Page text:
"Yea, your Majesty," answered Myles. "In some small measure do I so."
"I am glad of that," said the King; "for so I may make thee acquainted with Sieur de la Montaigne."
He turned as he ended speaking, and beckoned to a heavy, thick-set, black-browed chevalier who stood with the other gentlemen attendants at a little distance. He came instantly forward in answer to the summons, and the King introduced the two to one another. As each took the other formally by the hand, he measured his opponent hastily, body and limb, and perhaps each thought that he had never seen a stronger, stouter, better- knit man than the one upon whom he looked. But nevertheless the contrast betwixt the two was very great--Myles, young, boyish, fresh-faced; the other, bronzed, weather beaten, and seamed with a great white scar that ran across his forehead and cheek; the one a novice, the other a warrior seasoned in twoscore battles.
A few polite phrases passed between the two, the King listening smiling, but with an absent and far-away look gradually stealing upon his face. As they ended speaking, a little pause of silence followed, and then the King suddenly aroused himself.
"So," said he, "I am glad that ye two are acquainted. And now we will leave our youthful champion in thy charge, Beaumont--and in thine, Mon Sieur, as well--and so soon as the proper ceremonies are ended, we will dub him knight with our own hands. And now, Mackworth, and thou my Lord Count, let us walk a little; I have bethought me further concerning these threescore extra men for Dauphiny."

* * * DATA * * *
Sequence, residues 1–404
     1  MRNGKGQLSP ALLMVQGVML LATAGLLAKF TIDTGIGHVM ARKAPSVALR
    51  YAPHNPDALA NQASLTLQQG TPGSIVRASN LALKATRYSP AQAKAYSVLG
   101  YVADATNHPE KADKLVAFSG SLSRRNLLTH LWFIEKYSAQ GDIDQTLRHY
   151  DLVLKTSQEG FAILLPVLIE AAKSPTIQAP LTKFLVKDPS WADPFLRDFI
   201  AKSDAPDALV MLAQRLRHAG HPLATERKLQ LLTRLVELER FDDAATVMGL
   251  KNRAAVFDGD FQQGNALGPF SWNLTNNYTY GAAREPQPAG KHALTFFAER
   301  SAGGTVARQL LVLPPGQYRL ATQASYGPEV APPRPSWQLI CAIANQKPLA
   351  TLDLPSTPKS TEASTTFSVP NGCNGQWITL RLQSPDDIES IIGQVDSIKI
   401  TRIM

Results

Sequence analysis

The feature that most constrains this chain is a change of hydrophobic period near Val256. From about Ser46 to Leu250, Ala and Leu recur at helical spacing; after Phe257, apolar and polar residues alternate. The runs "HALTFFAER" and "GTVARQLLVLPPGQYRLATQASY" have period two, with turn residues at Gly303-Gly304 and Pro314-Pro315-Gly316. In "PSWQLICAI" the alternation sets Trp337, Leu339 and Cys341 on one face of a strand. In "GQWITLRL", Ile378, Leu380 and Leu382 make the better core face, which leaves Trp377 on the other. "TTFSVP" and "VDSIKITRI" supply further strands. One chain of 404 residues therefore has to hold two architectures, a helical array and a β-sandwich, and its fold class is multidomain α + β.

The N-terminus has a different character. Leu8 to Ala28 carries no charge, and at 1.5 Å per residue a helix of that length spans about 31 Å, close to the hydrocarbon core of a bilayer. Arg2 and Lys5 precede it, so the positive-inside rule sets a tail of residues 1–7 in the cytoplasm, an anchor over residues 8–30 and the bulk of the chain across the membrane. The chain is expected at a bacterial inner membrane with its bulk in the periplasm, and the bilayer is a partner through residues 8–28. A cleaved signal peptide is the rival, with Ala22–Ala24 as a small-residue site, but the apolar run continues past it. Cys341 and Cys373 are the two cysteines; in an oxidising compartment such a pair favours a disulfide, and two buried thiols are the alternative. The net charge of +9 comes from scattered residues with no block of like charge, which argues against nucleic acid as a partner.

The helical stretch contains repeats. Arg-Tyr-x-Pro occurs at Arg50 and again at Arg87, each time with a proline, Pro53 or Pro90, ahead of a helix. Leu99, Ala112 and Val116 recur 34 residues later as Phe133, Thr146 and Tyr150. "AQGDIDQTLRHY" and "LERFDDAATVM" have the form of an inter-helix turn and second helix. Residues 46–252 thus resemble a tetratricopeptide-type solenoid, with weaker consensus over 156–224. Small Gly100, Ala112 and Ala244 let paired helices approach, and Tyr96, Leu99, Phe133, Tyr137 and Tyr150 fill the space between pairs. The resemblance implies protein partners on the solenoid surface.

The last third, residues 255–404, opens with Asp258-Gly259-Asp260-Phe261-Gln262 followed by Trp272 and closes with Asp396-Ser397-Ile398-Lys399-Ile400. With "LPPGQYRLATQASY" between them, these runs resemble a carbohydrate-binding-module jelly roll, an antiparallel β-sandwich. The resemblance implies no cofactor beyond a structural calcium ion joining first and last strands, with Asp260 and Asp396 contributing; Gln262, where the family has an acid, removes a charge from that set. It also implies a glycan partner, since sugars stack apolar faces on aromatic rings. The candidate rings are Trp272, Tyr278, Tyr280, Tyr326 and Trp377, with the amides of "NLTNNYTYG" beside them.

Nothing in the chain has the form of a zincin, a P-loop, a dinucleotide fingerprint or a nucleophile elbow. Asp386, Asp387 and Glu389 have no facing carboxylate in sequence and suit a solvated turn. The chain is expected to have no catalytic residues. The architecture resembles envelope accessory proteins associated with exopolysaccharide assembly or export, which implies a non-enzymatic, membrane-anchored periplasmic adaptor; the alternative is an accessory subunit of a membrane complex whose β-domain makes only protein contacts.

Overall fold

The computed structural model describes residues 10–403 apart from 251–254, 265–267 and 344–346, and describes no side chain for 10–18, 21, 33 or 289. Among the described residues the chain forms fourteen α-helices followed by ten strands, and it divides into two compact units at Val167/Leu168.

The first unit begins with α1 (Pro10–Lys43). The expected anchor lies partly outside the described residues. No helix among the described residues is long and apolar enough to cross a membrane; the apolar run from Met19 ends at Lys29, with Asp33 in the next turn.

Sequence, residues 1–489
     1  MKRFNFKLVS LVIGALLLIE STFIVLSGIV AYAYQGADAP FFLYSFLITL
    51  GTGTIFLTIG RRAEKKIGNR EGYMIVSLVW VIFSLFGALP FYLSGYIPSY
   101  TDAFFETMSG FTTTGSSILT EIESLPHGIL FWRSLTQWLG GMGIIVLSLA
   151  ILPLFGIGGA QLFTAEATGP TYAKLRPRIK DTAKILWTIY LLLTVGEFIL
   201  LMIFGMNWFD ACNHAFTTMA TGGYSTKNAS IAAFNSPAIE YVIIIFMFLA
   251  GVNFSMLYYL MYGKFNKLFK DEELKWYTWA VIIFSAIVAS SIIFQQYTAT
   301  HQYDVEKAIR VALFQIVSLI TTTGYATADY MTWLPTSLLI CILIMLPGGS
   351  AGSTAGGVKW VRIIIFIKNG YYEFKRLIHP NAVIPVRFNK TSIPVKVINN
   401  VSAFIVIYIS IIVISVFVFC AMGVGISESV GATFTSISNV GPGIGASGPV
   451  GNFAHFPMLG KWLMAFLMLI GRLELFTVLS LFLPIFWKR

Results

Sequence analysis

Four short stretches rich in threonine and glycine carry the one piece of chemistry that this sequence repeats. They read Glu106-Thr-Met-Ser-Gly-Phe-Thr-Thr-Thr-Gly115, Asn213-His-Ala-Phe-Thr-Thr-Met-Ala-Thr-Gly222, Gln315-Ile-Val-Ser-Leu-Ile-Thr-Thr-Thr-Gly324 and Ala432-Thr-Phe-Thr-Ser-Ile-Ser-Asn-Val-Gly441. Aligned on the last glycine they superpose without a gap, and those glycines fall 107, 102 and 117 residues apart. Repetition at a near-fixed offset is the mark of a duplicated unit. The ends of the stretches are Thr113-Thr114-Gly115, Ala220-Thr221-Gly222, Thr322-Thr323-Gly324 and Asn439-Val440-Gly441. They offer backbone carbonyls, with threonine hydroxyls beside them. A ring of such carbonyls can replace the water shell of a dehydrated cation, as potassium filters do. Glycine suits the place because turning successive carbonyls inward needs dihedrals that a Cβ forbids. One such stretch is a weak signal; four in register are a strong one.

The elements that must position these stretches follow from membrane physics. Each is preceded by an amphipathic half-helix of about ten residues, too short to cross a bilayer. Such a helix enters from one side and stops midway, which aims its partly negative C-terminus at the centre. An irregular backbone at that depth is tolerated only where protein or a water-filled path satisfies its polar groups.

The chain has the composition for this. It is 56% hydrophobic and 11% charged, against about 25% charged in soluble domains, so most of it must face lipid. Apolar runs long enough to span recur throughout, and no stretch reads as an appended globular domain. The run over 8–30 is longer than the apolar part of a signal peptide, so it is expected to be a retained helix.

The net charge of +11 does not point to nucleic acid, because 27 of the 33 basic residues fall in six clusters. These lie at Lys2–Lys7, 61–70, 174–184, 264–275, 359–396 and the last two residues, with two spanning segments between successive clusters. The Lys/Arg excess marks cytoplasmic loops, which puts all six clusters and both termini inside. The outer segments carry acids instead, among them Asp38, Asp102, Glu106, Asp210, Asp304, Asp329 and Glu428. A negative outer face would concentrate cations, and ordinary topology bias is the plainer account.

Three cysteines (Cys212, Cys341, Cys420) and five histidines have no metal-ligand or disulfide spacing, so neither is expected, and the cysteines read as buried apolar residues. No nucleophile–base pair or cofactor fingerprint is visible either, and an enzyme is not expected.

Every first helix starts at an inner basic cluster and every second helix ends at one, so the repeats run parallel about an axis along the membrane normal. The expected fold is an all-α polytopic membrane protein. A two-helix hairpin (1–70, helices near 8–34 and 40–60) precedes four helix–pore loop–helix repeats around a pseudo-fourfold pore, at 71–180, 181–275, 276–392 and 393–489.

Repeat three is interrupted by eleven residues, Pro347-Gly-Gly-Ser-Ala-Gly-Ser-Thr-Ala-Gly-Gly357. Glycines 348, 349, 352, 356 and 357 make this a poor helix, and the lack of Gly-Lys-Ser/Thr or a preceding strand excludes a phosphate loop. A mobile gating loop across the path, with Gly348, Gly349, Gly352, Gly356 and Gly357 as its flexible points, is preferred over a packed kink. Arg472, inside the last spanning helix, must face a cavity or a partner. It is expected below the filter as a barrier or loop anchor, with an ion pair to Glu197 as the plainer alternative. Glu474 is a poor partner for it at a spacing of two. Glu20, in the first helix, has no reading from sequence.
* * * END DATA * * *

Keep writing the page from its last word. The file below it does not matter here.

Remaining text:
Then Myles withdrew, under the charge of Lord George and the Sieur de la Montaigne and while the King and the two nobles walked slowly up and down the gravel path between the tall rose- bushes, Myles stood talking with the gentlemen attendants, finding himself, with a certain triumphant exultation, the peer of any and the hero of the hour.
That night was the last that Myles and Gascoyne spent lodging in the dormitory in their squirehood service. The next day they were assigned apartments in Lord George's part of the house, and thither they transported themselves and their belongings, amid the awestruck wonder and admiration of their fellow-squires.
In Myles Falworth's day one of the greatest ceremonies of courtly life was that of the bestowal of knighthood by the King, with the honors of the Bath. By far the greater number of knights were at that time created by other knights, or by nobles, or by officers of the crown. To be knighted by the King in person distinguished the recipient for life. It was this signal honor that the Earl, for his own purposes, wished Myles to enjoy, and for this end he had laid not a few plans.
sought her out. She did not know that he had even better
Dorothy; and at the sight of her blood-smeared face, they
way, since she risked handing over to him the key to the
of them saw clearly the adversary's game. Dorothy had no
the great caravan routes entering the Sahara from the south.
which, little by little, she had come to the very heart